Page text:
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With a judge on Thursday dismissing the criminal case against the only police officer charged in the death of Danielle Willard, the question arises: Will that impact Salt Lake County District Attorney Sim Gill's prospects for re-election in November?
His opponent, Republican Steve Nelson, already had the support of police associations before 3rd District Judge L.A. Dever ruled that the manslaughter charge Gill filed against former West Valley City police officer Shaun Cowley in the fatal shooting of Willard did not merit a trial.
Will the voting public now be more inclined to support Nelson, a veteran prosecutor in Gill's office, or will they stick with the one-term Democratic incumbent who came into office pledging to restore public trust, even if that put him at odds with law-enforcement groups?
"I work with law enforcement. I don't work for law enforcement," Gill told The Salt Lake Tribune in a recent interview before Dever's ruling, contending his responsibility is to pursue social justice and to ensure the integrity of the legal system.
"That tells citizens that you might not like the result, but you can trust the process to get there," added Gill, 53, who grew up in Kearns.
To Nelson, 39, a West High School graduate, justice was not served in the Willard case because it took so long for Cowley to be charged. And when he was, Nelson said, Gill turned it into political theater, holding a news conference with charts and graphs of bullet trajectories, which was unfair to the officer.
"Everybody deserves a fair shake when it comes to dealing with the District Attorney's Office," he told The Tribune before the ruling.
Gill said he publicly described the reasoning behind his actions in the interest of transparency, just as he did in the filing of felony charges against former state Attorneys General Mark Shurtleff and John Swallow.
Nelson felt his boss was grandstanding in that case as well and that Gill should have turned over the investigation and prosecution to attorneys more experienced in racketeering cases, someone like himself.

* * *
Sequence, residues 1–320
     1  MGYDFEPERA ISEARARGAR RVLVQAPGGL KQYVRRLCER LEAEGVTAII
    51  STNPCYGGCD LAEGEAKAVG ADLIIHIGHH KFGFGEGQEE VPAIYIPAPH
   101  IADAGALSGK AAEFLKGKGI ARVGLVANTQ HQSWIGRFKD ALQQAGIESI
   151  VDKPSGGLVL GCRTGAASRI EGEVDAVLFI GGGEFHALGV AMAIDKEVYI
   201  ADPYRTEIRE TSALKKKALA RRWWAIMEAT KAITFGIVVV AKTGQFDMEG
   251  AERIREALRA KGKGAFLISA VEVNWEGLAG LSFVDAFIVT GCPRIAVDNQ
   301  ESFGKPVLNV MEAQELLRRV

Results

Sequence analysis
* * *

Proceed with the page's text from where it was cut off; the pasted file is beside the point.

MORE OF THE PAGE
"[Racketeering] cases are tough," he said. "You need your best prosecutors on it."
Aiming to be the best is something both of these overachievers seem to have in common.
Gill, whose Facebook posts often are erudite treatises, graduated from the University of Utah in history and philosophy and obtained his law degree from Lewis and Clark College in Portland, Ore. He was Salt Lake City's chief prosecutor for a decade before defeating District Attorney Lohra Miller in 2010.
Nelson has a bachelor's degree from Westminster College, where he was student body president. He then went to the U of U, receiving both a law degree and a doctorate in political science. He has been a county prosecutor for 7.5 years, handling gang prosecutions, narcotics enforcement and violent felonies.
"I have a unique skill set desperately needed in this office," he said.
Gill did not dispute Nelson's capabilities as a prosecutor, but said the district attorney position requires much more than courtroom skills. Besides prosecuting crime, the office represents every county agency. Gill said he has beefed up the civil side of the office, established systems to modernize its technology and developed fair pay scales for all employees.
Nelson contended Gill did not follow established hiring procedures when he came into office four years ago and is not popular with employees. "This race is not about management. It's about leadership," he said.
One issue the two men definitely disagree on is Early Case Resolution, an alternative approach to dealing with misdemeanors and lower-level felony cases.
Gill has been at the forefront of promoting it, arguing it saves taxpayer dollars by focusing limited resources on hardened criminals and allowing lesser offenders to receive the mental or behavioral health care that most need.
It's a matter, he said, of being humane and treating people with dignity. "I want to viscerally feel we're doing the right thing for the right reason …. That's fundamentally different than just prosecuting."
Nelson believes Early Case Resolution is a failure.
It has "sacrificed efficiency for speed and I have a problem with that," he said, maintaining that three-quarters of offenders who are released early through this system end up back in jail, often for more serious crimes than they were booked for initially.
"That's why police officers support me," Nelson said. "They're frustrated seeing people on the street who should be behind bars."
Online: More on the Danielle Willard case
O Find extended coverage and pictures from the investigation and court case surrounding Danielle Willard's shooting. > sltrib.com